The Los Angeles Lakers’ “Showtime” era has been a massive source of inspiration for filmmakers over the last year, leading to the premiere of three separate TV series about the franchise’s 1980s success.
HBO’s controversial “Winning Time: The Rise of the Lakers Dynasty” came out in March, causing a spat with some of L.A.’s legends — most notably, Jerry West. A month later, a four-part docuseries titled “They Call Me Magic” premiered on Apple TV+, focusing on Magic Johnson’s career and life.
On Monday, two first episodes of “Legacy: The True Story of the LA Lakers” dropped on Hulu. Unlike “Winning Time,” multiple Lakers players and executives feature in “Legacy,” adding credibility to the series. Among them, current owner Jeanie Buss — who told L.A. Times writer Dan Woike she wants the show to reflect her team’s history as accurately as possible:
“I want everybody to have an opportunity to tell their experience. Because I know, from my point of view, what I saw and experienced,” Jeanie Buss said. “But I really have enjoyed listening to what it was like for former players being on this team. I even learned a lot through this process. And I want Laker fans, who know the wins and the losses, I want them to see the other side, the toll of losing, the toll of winning. … It’s not all just about championships and highlight film. It’s about the people who lived the story and their truth.”
Buss serves as the executive producer of “Legacy” with many of her family members also involved in the show’s production. The first episode starts right where “Winning Time” did, at the time of Dr. Jerry Buss’ purchase of the Lakers, followed by the team’s selection of Johnson in the 1979 NBA Draft.
But while the first season of “Winning Time” focused almost exclusively on the 1979-80 season, “Legacy” goes through the Purple and Gold’s history at a much faster pace. The series will even feature interviews with current Lakers stars, LeBron James and Anthony Davis.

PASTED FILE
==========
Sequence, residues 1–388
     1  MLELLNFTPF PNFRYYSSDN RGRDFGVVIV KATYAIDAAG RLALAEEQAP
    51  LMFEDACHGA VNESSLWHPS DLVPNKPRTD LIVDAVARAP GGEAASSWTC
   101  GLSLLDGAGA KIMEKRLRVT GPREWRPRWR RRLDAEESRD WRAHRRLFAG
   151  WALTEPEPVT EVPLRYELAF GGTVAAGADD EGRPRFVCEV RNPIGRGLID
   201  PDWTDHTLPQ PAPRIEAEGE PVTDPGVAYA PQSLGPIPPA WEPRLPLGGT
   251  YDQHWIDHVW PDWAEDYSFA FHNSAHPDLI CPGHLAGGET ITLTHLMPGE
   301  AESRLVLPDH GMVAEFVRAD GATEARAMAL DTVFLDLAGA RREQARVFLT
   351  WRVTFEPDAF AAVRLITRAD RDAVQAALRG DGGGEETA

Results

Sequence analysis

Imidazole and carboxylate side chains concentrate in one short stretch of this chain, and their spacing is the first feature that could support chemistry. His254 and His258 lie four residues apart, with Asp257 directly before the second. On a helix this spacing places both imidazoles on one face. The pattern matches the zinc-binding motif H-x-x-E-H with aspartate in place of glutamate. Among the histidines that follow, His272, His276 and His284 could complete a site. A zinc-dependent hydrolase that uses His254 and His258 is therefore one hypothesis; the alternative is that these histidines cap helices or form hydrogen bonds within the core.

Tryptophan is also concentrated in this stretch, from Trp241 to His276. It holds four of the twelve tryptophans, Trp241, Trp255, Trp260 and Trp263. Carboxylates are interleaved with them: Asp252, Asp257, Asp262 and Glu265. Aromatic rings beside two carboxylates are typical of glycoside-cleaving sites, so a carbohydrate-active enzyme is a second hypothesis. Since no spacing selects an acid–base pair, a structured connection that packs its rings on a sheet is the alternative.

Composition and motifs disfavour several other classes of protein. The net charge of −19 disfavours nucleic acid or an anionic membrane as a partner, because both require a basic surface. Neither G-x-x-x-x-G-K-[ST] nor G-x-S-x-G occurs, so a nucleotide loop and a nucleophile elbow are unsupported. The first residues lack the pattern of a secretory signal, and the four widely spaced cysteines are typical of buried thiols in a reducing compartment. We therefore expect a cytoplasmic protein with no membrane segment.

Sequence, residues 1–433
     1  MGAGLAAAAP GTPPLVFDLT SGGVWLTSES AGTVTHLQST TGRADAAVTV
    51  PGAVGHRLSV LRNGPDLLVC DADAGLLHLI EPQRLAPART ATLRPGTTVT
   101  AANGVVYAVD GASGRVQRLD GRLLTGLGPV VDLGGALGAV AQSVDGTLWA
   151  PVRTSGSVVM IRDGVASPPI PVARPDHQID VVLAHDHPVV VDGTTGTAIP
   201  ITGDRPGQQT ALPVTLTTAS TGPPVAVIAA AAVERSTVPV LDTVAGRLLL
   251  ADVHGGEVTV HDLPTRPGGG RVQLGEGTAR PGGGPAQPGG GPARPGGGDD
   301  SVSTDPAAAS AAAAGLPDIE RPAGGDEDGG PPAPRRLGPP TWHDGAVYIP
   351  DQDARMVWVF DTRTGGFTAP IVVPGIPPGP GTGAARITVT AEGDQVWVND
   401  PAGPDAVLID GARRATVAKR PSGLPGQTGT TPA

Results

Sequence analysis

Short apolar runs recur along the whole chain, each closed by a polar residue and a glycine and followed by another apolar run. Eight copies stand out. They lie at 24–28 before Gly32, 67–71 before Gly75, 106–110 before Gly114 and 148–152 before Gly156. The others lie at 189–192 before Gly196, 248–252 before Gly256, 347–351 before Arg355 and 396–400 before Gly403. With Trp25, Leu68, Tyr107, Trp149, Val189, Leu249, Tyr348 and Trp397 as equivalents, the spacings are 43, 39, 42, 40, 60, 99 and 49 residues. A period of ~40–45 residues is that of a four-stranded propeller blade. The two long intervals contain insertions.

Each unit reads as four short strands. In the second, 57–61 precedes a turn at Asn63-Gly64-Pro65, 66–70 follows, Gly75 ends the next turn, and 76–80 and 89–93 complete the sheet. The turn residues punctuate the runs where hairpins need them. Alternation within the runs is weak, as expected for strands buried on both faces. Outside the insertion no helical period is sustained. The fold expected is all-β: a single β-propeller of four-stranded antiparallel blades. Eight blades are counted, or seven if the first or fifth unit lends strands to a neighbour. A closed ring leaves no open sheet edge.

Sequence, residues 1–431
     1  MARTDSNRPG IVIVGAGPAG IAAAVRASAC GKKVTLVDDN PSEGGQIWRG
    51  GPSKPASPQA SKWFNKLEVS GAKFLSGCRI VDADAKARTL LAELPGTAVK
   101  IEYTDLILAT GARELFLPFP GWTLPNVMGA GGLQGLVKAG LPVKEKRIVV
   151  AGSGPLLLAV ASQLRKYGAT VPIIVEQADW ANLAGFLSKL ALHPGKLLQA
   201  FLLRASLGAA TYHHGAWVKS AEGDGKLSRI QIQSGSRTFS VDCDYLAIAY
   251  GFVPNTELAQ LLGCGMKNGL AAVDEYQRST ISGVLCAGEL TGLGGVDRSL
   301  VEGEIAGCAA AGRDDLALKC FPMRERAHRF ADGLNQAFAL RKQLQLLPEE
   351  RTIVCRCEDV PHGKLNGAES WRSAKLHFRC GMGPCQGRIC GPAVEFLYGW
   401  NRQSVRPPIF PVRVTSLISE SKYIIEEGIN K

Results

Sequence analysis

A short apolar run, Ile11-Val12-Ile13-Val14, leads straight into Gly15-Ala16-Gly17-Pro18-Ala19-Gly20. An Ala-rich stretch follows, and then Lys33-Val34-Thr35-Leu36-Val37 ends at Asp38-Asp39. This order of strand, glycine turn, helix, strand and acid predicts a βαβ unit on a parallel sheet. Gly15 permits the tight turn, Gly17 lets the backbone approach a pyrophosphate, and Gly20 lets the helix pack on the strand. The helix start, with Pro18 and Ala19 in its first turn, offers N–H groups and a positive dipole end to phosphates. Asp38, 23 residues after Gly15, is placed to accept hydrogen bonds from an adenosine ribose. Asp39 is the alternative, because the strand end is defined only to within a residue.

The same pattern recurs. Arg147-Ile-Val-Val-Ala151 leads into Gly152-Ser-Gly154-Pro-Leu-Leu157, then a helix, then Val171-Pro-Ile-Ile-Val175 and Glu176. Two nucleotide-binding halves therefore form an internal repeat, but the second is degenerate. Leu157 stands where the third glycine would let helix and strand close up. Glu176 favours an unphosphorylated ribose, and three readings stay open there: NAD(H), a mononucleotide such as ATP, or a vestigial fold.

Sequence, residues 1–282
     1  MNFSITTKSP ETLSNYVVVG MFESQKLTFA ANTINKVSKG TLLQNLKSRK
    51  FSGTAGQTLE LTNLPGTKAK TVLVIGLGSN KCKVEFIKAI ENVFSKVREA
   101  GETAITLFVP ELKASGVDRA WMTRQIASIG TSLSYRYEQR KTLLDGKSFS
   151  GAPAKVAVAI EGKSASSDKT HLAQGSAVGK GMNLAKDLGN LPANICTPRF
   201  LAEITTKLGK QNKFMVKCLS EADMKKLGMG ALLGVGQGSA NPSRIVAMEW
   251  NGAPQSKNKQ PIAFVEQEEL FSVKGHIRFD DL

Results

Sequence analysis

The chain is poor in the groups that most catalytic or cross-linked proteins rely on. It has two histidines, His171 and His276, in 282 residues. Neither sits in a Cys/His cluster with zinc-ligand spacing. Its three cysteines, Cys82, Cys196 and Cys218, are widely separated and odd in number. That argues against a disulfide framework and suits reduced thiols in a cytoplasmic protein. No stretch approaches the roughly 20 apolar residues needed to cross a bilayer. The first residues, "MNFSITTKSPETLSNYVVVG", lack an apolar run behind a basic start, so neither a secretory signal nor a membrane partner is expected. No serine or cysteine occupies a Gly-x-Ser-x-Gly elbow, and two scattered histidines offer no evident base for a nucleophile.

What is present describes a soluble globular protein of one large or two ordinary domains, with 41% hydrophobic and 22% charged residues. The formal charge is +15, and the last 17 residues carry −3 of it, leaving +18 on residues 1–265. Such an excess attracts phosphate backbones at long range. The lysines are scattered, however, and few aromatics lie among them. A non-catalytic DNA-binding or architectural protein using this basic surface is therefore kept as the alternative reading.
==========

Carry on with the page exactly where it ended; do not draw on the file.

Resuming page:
’Legacy’ director Antoine Fuqua compares Lakers to ‘The Godfather’ & ‘Succession’
“Legacy” director Antoine Fuqua — the man behind “Olympus Has Fallen” and “Brooklyn’s Finest” — recently revealed he initially didn’t know how to tell the Lakers’ story.
But after a phone call with Buss and Linda Rambis, Fuqua realized TV hits like “The Godfather” and “Succession” can inspire his work on the show. “It just hit me that this is like The Godfather or Succession. Jerry Buss came from really humble means to Hollywood, of all places, and found a way to — basically, with no money — own the Lakers,” he said.
“It’s about a guy who’s trying to build something for his family. And then how the business of business can really become a disease where the money and fame start to eat at the family until you forget what you did it for to begin with. But then ultimately you have to get back to family in order to survive.”
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